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May I begin by responding to the three hon. Gentlemen who represent Staffordshire seats-in particular, I acknowledge the Under-Secretary of State for Energy and Climate Change, my hon. Friend Mr. Kidney, who has been present during this debate? The contributions that we have had from Staffordshire Members have been excellent and have reflected the enormous local concern about Mid Staffordshire. I appreciate and am grateful for the kind comments of several Opposition Members about the way in which the Secretary of State and I have dealt with these matters.
We need to ensure that the deplorable and inexcusable situation, as it was described by Sir Patrick Cormack, does not arise again. We need to ensure that the Care Quality Commission, which is an organisation that has recently been set up, has the power to look at trusts. We also need to ensure that Monitor is much more aware than it has been in the past of the problems that might arise with regard to various foundation trusts and that we have a process that will enable Monitor to de-authorise.
The hon. Member for South Staffordshire asked whether the process was fast enough. The time scale is 14 days. A number of parties are involved and we think that it is right that they should be able to express a view and that an investigation should be conducted. The process looks more cumbersome in legislation than it would be in practice. Our aim is that this should be a fairly brisk process and that everyone should know publicly what the time scale is. The Secretary of State should publicly make a request and there should publicly be a response within 14 days. There is potential to extend that time frame if necessary and if investigations need to be conducted for a longer period. I hope that I can reassure the hon. Gentleman that we recognise the need for expedition and would seek to ensure that we can deal with matters as quickly as is reasonably possible.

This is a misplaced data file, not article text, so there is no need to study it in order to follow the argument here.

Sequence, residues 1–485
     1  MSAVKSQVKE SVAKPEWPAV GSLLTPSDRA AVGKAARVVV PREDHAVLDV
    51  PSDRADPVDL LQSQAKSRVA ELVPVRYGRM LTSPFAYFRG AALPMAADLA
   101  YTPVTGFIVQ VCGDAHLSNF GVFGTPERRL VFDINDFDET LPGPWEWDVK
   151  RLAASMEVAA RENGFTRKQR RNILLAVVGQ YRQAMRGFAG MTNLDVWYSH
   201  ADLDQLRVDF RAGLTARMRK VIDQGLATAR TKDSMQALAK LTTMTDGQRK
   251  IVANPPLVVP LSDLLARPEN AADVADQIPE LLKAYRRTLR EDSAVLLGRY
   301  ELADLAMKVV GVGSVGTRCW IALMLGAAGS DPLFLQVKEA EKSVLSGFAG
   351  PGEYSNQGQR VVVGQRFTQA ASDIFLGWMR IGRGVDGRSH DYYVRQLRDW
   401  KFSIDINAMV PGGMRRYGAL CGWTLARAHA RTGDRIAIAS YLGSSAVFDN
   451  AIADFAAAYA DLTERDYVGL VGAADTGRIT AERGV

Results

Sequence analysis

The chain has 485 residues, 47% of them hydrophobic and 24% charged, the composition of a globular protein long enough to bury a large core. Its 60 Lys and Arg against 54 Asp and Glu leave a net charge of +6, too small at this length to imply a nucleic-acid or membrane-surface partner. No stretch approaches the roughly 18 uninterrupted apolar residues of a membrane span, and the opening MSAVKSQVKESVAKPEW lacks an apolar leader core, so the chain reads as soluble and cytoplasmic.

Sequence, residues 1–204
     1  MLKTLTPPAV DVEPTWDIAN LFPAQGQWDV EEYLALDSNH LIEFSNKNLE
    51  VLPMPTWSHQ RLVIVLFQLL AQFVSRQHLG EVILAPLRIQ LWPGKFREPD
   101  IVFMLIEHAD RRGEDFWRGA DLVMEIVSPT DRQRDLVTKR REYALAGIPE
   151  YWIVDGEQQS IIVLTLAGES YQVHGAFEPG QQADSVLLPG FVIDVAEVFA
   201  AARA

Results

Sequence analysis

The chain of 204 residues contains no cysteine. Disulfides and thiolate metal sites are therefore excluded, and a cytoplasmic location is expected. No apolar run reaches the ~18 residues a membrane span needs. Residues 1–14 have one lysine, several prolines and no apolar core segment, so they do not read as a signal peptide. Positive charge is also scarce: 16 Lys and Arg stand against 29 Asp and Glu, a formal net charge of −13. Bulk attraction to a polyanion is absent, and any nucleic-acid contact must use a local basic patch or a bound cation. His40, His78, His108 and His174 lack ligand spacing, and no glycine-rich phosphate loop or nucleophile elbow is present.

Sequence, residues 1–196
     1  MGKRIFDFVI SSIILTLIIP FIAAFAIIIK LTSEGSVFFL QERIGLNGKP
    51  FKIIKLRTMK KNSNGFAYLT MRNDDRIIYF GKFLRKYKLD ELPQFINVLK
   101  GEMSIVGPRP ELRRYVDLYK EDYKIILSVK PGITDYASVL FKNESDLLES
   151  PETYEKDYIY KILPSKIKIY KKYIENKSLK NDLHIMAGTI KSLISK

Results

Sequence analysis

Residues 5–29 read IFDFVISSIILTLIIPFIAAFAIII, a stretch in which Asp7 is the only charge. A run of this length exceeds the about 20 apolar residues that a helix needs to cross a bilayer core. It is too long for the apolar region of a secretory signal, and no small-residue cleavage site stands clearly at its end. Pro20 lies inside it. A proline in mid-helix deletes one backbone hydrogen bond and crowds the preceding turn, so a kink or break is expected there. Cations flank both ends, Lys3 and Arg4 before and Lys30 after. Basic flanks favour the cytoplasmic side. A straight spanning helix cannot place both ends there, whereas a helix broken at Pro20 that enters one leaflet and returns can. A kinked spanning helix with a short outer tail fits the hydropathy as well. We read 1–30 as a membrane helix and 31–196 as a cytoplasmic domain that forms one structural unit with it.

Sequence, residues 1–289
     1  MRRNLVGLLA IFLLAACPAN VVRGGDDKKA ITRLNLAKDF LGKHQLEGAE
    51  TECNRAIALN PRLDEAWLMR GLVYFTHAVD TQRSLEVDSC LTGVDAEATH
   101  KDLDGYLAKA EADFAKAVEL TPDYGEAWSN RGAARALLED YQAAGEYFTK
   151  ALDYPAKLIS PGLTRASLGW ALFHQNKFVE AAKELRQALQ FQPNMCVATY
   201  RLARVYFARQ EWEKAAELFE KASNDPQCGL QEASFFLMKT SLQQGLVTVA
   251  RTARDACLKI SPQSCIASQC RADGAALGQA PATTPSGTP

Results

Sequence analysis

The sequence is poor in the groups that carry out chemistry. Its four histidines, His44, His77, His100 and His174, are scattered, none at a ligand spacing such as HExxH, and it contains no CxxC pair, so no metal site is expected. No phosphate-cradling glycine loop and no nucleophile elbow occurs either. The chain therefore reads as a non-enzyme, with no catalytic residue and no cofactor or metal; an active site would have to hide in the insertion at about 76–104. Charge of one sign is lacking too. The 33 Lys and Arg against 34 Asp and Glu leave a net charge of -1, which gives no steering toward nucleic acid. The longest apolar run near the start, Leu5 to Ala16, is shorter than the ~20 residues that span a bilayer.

The hon. Members for Stone (Mr. Cash) and for South Staffordshire both want the Secretary of State to be able to intervene much faster. There seems to be a difference in opinion from those on their Front Bench. I can detect no wish from their Front Benchers for the Secretary of State to take the powers to intervene. The Front-Bench view seems to be that this should be dealt with by Monitor. That seems to me to be a difficult position for them to take, because the amendments give Monitor the power to de-authorise.
I was struck during the speech made by Mr. O'Brien by the fact that he seemed to think that the insolvency regime-an entirely different regime that has nothing to do with problems such as those that we faced with Mid Staffordshire-somehow already provides powers. It does not. It does not provide powers to intervene. As Ministers, we were not able to intervene. Monitor was. It has extensive powers but the problem was that in this case there was an issue with the way that it was dealt with. Public confidence was not restored by bringing in a full-time chief executive quickly-
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